Advocates sounded the alarm about crimeless revocation, advocate against construction of a new prison
MADISON – More than three hundred individuals walked the halls of the Wisconsin State Capitol yesterday as part of the Smart Justice Lobby Day. The event was organized by the ACLU of Wisconsin’s Campaign for Smart Justice, WISDOM, EXPO, and Just Leadership USA along with over twenty other organizations to bring together advocates and formerly incarcerated people from across the state.
“Yesterday was a powerful moment as our bipartisan coalition came together to speak out for an end to mass incarceration,” said Chris Ott, executive director of the ACLU of Wisconsin. “Wisconsin’s broken probation and parole system drives reincarceration rather than rehabilitation and causes people to be thrown back in prison for minor mistakes like missing an appointment or even starting a job without prior approval. No one should live one missed appointment away from a prison sentence or languish in a cage when they could be supporting their families and communities. The Wisconsin Legislature should be passing laws to help people rebuild their lives, not building new prisons.”
"Incarceration costs Wisconsin taxpayers roughly $1 billion a year as spending on corrections has far outpaced other budgetary priorities. This counterproductive and wasteful system weakens public safety by destabilizing families and making it harder for people who are released from prison to rebuild their lives. Instead of safer streets, our criminal justice system is fueling a vicious cycle of crime and incarceration," said Thomas Lyons, State Director of Wisconsin for Right on Crime.
Men and women who are directly impacted by the criminal justice system also met with Governor Tony Evers' staff to advocate for reforms to address Wisconsin’s mass incarceration crisis and prevent people from being sent back to prison for minor mistakes like missing an appointment or taking a job without prior approval.
“The impact of my crimeless revocation traumatized my daughter mentally and emotionally,” said Lea Revels, a lobby day participant from Oshkosh. “One morning she woke up and discovered I was no longer there. I was not where she expected and needed me to be in her life. And the fact that I, who had not committed a new crime, could be unexpectedly removed from my daughter’s world has permanently changed my relationship with her and I cannot fix it. I do not want any other mother, father or child to go through that fear and trauma. This is why I fight to end the practice of crimeless revocations.”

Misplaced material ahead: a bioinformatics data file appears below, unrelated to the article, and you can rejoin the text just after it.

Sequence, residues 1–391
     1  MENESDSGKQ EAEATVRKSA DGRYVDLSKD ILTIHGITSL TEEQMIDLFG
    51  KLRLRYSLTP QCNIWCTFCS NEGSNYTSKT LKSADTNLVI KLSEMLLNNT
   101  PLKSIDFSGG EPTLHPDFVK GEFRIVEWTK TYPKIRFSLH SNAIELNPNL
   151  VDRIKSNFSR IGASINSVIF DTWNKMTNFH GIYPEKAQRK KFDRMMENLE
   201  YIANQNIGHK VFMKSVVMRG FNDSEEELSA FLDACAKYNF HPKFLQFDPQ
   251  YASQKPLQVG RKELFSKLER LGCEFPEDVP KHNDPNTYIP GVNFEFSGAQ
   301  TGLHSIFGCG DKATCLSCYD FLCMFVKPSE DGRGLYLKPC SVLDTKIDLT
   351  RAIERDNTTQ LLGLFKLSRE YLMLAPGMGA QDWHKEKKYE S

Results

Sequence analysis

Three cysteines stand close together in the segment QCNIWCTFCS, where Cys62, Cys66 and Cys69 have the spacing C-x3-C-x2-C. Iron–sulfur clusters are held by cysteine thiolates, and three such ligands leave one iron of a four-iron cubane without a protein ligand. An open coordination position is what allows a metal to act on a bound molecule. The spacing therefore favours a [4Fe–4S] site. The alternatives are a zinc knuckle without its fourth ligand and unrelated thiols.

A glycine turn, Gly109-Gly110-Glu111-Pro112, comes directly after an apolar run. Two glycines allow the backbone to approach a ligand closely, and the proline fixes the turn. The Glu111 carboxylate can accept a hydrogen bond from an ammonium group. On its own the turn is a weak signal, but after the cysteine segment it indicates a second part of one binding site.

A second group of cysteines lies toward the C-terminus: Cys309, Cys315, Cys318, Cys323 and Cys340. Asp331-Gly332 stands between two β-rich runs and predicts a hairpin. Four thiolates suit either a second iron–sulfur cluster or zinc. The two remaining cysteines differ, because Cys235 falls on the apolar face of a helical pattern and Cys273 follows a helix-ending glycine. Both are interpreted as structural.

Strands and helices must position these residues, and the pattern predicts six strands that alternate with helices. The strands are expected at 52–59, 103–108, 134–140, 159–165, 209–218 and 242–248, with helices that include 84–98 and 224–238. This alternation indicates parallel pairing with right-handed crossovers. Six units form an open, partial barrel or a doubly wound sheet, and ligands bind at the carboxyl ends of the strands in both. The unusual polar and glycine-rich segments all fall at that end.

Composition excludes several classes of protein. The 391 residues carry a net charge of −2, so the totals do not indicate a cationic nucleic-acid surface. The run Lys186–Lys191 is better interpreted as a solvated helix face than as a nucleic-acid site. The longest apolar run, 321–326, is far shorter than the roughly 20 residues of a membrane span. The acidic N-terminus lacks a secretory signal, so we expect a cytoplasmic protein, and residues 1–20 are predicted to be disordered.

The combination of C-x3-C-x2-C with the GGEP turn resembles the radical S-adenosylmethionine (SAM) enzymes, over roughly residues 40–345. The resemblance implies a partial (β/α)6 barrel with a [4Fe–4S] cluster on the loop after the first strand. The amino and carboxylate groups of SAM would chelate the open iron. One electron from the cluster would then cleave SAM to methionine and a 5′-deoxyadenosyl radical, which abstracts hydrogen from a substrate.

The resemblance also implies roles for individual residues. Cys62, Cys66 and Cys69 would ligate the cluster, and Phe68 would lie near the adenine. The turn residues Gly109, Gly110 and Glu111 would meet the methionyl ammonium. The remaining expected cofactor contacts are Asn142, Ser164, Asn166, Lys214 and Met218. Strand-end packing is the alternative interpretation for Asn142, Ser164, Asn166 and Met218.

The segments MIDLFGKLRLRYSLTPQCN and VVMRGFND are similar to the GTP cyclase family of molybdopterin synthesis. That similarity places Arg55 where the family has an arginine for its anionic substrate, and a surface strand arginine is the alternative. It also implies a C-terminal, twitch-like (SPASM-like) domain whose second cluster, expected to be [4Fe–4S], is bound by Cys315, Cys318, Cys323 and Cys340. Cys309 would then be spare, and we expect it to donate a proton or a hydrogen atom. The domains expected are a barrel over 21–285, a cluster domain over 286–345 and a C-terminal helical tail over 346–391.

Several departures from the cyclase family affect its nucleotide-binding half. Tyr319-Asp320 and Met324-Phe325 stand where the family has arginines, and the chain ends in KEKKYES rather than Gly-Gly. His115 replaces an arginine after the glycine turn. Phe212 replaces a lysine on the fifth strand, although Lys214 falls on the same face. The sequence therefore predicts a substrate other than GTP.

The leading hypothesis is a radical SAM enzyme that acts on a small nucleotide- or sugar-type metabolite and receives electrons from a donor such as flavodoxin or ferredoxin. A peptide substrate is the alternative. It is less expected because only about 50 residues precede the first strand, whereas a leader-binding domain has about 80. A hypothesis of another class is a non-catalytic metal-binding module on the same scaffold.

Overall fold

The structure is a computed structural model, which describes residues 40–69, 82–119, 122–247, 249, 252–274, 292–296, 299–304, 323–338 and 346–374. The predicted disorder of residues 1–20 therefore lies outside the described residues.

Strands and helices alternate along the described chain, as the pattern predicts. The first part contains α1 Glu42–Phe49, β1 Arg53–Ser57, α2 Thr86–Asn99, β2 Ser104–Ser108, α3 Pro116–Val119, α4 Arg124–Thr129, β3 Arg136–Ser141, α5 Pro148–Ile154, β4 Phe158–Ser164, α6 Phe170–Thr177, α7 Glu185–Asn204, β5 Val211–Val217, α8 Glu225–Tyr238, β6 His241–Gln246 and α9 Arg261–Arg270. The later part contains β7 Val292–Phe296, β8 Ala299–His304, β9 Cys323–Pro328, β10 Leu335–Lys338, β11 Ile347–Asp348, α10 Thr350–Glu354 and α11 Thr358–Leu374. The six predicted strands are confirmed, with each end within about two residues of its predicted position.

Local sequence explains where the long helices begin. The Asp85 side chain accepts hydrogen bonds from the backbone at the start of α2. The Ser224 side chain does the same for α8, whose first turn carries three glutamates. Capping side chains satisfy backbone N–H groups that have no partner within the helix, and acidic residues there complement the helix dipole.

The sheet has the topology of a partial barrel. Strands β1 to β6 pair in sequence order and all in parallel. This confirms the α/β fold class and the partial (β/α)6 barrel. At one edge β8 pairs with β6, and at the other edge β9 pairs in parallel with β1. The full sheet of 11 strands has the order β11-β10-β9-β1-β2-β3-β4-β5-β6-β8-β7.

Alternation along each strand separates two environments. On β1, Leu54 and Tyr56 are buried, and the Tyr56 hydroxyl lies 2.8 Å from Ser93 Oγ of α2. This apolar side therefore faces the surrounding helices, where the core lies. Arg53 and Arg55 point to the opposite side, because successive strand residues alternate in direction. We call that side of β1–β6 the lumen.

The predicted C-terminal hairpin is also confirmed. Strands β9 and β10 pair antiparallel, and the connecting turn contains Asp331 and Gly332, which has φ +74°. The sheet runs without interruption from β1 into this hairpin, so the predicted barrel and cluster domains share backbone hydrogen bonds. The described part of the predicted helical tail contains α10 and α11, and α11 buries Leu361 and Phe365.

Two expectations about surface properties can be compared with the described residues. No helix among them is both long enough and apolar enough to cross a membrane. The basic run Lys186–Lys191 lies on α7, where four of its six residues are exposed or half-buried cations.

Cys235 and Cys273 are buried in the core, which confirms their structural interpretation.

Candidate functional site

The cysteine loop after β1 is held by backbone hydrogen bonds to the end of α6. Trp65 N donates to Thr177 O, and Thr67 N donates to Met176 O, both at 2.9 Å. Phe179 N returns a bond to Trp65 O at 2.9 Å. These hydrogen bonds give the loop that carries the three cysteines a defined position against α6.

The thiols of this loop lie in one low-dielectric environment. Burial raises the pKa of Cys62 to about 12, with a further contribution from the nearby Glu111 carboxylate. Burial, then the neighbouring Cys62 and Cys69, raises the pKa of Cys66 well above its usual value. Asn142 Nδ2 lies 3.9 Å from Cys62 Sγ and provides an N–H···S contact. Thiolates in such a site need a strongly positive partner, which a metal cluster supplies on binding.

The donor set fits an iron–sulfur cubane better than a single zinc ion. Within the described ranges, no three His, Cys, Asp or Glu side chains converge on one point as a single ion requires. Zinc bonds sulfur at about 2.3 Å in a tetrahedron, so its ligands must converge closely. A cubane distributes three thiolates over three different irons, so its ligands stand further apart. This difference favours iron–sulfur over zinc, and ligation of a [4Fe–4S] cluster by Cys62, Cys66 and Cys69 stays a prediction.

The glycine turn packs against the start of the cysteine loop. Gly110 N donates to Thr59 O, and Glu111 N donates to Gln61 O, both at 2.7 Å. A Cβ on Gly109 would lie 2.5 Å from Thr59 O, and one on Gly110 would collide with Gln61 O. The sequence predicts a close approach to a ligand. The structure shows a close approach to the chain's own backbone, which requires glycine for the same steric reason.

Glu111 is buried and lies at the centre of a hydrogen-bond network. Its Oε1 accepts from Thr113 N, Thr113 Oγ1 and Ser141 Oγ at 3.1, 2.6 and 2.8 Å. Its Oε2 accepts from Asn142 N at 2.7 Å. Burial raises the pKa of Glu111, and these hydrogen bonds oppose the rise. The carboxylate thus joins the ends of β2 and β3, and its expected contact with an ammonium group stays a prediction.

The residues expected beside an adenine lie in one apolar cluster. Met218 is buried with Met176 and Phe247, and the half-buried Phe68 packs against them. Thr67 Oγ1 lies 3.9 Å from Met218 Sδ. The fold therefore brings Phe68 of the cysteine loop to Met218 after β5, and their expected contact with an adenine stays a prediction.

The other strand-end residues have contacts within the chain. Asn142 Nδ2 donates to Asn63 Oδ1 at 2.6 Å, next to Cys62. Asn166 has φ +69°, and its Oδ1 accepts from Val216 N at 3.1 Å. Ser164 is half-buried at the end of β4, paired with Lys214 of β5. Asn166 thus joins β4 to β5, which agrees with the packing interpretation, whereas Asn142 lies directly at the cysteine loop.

The reforms being championed by advocates included:
- Expungement Reform (AB 33/SB 39) – Makes modest but important changes to the expungement process.
- Unlock the Vote (SB 348) – Restores the right to vote for people currently on parole or extended supervision.
- Crimeless Revocation (LRB 4356) – Prohibits technical or crimeless revocations for people with low level felony convictions.
- Anti-shackling of pregnant women (AB 398 / SB 316) – Would prohibit county jails from shackling women in labor.
Wisconsin’s prison population grew more than fivefold between 1980 and 2016, costing taxpayers more than $1 billion annually. Today, more than 23,000 Wisconsinites are imprisoned, and when people on community supervision or in local jails are included the number increases to 1 in 45 adults. In 2017 alone, more than 3,000 Wisconsinites were sent back to prison for technical violations, accounting for 45 percent of all new admissions to state prisons, the largest such group who were incarcerated that year.